Windows Driver Model

What Does Windows Driver Model Mean?

The Windows Driver Model (WDM) is a driver framework or architecture that makes source code compatible with Windows 98, 2000, Me, XP and all later Microsoft Windows versions, i.e. all 32-bit versions of Windows. WDM was designed to replace “VxD,” the driver technology used on previous versions such as Windows 3.1, Windows 95 and Windows NT.


Also known as the Win32 Driver Model.

Techopedia Explains Windows Driver Model

With less required source code, the Windows driver model is more efficient than VxD and it standardized code requirements. However, WDM drivers are not backward compatible with Windows versions prior to Windows 98, e.g. Windows 3.1, 95 and NT 4.0 or versions older than the OS they were originally written for. WDM is forward compatible with later versions. One problem this creates is that new OS features may, or may not, work using drivers written for previous OS versions.

WDM drivers are classified into three types:

  1. Function drivers are written for a specific device, such as a printer
  2. Bus drivers are for such common busses as PCI, SCSI and USB, and are designed for a bus controller, adapter or bridge (and software vendors may create their own bus drivers)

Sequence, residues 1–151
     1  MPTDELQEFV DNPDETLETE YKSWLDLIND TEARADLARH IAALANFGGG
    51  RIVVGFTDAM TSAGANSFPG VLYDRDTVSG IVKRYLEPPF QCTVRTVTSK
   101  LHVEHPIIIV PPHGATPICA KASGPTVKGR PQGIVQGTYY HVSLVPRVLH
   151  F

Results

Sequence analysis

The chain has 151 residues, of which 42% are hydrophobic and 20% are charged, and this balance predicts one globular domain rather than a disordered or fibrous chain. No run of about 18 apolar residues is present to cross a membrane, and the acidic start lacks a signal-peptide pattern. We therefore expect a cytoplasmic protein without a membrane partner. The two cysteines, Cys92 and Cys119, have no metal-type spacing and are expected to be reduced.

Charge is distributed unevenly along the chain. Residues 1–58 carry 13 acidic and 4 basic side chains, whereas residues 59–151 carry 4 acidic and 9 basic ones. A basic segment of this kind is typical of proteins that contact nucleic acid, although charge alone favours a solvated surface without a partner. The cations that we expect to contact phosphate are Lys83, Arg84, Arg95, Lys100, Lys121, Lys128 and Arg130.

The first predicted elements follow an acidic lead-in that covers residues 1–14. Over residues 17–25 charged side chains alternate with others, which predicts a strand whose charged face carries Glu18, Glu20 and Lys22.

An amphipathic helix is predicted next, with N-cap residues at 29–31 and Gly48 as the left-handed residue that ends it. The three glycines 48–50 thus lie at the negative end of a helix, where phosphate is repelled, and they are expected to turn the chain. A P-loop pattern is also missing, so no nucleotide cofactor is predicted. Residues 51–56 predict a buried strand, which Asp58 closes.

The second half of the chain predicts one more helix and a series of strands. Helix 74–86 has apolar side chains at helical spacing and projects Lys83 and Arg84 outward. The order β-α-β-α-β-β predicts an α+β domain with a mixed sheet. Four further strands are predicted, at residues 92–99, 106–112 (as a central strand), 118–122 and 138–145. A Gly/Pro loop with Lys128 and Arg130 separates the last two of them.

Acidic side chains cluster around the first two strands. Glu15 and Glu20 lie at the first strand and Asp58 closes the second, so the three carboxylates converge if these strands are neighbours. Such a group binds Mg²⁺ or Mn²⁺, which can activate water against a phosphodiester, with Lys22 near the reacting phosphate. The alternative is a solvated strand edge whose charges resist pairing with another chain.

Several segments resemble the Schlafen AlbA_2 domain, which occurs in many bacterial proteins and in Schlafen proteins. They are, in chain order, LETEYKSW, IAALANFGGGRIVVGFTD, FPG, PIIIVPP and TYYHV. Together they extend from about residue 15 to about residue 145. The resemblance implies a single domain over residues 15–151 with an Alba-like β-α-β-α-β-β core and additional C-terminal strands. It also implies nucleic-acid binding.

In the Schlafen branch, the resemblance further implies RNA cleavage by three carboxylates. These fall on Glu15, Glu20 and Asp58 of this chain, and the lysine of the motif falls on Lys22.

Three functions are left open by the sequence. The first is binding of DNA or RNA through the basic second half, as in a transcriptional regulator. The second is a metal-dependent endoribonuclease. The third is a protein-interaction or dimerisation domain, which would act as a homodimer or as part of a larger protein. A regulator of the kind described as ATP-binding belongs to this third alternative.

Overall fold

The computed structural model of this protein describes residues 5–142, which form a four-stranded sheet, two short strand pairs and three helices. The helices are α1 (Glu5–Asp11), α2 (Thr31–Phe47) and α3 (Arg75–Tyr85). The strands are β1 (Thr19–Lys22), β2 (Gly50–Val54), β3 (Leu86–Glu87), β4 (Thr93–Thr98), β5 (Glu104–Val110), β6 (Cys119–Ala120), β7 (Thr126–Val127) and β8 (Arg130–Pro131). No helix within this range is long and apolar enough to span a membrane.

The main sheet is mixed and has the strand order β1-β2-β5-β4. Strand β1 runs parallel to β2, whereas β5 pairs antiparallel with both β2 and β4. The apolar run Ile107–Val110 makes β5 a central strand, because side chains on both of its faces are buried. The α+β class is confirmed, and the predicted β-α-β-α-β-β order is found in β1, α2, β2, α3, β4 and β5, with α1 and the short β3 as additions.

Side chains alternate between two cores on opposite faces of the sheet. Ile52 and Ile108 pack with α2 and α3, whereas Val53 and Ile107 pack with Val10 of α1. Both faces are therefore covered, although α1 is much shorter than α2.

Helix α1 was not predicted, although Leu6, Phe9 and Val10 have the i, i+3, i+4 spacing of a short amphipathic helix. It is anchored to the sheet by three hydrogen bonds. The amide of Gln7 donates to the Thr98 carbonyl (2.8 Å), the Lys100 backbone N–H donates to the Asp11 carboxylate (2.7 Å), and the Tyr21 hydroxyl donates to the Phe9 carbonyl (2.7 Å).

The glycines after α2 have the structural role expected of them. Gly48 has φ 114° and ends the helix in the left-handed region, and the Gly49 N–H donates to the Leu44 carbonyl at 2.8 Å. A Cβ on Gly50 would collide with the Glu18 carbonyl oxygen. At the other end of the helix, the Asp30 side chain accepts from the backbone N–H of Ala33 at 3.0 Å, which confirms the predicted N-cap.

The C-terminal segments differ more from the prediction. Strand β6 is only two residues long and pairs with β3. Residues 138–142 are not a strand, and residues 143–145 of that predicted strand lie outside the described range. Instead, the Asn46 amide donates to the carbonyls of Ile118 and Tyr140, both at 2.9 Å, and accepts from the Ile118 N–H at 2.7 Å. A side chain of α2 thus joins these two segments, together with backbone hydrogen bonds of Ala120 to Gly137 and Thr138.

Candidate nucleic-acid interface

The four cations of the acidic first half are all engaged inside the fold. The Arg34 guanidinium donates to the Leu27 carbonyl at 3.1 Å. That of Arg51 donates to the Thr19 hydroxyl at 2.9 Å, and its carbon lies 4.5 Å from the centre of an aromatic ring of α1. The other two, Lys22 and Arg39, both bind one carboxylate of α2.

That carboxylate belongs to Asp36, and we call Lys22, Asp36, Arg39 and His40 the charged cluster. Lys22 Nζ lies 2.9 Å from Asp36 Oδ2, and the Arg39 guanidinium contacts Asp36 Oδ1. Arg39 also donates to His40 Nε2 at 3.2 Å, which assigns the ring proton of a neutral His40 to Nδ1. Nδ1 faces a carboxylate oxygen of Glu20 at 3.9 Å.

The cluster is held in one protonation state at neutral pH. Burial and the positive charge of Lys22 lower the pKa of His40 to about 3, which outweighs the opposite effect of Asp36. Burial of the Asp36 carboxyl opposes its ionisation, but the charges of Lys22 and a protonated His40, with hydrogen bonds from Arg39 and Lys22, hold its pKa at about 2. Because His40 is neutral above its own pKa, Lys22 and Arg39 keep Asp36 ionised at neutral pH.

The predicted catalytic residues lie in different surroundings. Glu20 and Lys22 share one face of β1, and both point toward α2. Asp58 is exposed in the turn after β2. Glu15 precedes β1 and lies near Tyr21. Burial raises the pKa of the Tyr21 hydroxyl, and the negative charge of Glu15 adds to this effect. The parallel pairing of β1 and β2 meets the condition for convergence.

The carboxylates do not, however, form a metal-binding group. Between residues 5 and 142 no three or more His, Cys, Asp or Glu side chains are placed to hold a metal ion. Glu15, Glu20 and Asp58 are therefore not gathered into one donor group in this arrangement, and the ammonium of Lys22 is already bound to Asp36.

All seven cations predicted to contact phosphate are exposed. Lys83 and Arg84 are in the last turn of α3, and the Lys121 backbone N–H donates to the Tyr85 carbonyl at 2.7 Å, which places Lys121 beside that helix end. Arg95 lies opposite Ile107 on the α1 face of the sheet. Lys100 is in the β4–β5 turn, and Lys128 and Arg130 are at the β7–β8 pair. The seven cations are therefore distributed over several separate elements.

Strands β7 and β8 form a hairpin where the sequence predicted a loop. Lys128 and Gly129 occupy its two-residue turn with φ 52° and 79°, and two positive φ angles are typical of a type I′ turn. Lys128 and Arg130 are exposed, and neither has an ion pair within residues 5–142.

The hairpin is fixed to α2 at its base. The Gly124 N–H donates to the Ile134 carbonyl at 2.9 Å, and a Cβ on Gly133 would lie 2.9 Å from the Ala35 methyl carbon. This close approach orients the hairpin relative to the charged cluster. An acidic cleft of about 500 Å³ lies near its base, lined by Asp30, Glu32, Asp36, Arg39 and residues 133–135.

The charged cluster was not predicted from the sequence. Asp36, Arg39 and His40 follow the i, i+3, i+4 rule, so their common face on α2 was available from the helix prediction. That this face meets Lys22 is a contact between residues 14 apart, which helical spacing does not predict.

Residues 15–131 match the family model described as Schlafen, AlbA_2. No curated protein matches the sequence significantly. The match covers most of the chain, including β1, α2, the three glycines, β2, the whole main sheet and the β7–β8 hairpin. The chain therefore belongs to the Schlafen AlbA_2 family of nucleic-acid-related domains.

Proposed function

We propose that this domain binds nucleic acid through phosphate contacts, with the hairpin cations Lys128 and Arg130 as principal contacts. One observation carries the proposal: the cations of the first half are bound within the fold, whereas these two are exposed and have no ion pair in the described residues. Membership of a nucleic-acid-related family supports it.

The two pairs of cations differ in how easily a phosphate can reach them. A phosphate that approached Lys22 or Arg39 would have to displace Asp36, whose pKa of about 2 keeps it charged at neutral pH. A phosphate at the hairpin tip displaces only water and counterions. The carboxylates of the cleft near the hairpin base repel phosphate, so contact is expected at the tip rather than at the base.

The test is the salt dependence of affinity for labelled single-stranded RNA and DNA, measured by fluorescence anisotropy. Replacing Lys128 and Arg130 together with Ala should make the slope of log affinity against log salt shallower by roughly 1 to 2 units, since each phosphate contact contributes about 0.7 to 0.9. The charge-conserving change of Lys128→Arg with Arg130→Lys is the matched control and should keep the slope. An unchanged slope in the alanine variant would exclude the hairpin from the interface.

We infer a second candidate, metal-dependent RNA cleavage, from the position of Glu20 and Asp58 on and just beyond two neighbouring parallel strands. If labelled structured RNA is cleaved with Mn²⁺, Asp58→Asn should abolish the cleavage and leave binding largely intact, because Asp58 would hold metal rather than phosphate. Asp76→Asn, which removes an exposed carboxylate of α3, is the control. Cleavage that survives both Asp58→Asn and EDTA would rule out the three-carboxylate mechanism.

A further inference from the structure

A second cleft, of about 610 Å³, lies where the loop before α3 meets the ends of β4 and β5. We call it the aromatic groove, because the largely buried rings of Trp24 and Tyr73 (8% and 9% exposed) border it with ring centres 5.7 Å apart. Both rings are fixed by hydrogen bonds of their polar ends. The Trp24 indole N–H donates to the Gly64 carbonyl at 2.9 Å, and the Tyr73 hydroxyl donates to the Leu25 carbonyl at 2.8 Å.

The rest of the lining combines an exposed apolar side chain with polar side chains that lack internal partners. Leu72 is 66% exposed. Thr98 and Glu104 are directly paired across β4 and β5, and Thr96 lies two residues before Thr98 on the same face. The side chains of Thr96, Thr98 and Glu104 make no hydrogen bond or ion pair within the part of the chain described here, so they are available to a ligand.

3. Filter drivers, which may be non-device drivers, but when they do enable a device they add value to, or change the operation of, a given device or multiple devices.

Both WDM drivers and VxD drivers will function with Windows 98 OSs (Windows 98, Windows 98 Second Edition and Windows Me). However, usually the WDM drivers allow more features, e.g. a TV tuner card may capture higher resolution images.

Driver software developers have had a number of criticisms about the WDM, including:

  • That it is very complex to understand.
  • The interactions with plug-n-play and power management events are difficult.
  • Cancelling I/O (input/output) instructions is very problematic.
  • Every driver requires thousands of lines of support code.
  • There is no technical support for writing pure “user-mode drivers” (customized special use drivers).
  • The documentation and sample drivers are of questionable quality.

These issues caused Microsoft to release a replacement for WDM, called “Windows Driver Foundation,” in two versions: “Kernel-Mode Driver Framework” (KMDF) is for Windows 2000 and Windows XP; and “User-Mode Driver Framework” (UMDF) is for Windows XP and later versions.

Margaret Rouse

Margaret Rouse is an award-winning technical writer and teacher known for her ability to explain complex technical subjects to a non-technical, business audience. Over the past twenty years her explanations have appeared on TechTarget websites and she's been cited as an authority in articles by the New York Times, Time Magazine, USA Today, ZDNet, PC Magazine and Discovery Magazine.Margaret's idea of a fun day is helping IT and business professionals learn to speak each other’s highly specialized languages. If you have a suggestion for a new definition or how to improve a technical explanation, please email Margaret or contact her…